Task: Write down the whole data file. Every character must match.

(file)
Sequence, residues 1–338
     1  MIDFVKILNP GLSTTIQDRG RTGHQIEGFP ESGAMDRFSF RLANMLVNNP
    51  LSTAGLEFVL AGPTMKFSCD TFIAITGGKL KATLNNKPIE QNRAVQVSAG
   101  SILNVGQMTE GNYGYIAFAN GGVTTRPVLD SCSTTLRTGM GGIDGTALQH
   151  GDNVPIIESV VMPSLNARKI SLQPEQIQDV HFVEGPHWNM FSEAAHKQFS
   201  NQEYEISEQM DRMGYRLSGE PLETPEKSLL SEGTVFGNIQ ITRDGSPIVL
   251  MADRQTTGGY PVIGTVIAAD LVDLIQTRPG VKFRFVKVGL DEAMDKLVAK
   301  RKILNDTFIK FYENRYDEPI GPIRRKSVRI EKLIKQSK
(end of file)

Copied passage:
Sequence, residues 1–338
     1  MIDFVKILNP GLSTTIQDRG RTGHQIEGFP ESGAMDRFSF RLANMLVNNP
    51  LSTAGLEFVL AGPTMKFSCD TFIAITGGKL KATLNNKPIE QNRAVQVSAG
   101  SILNVGQMTE GNYGYIAFAN GGVTTRPVLD SCSTTLRTGM GGIDGTALQH
   151  GDNVPIIESV VMPSLNARKI SLQPEQIQDV HFVEGPHWNM FSEAAHKQFS
   201  NQEYEISEQM DRMGYRLSGE PLETPEKSLL SEGTVFGNIQ ITRDGSPIVL
   251  MADRQTTGGY PVIGTVIAAD LVDLIQTRPG VKFRFVKVGL DEAMDKLVAK
   301  RKILNDTFIK FYENRYDEPI GPIRRKSVRI EKLIKQSK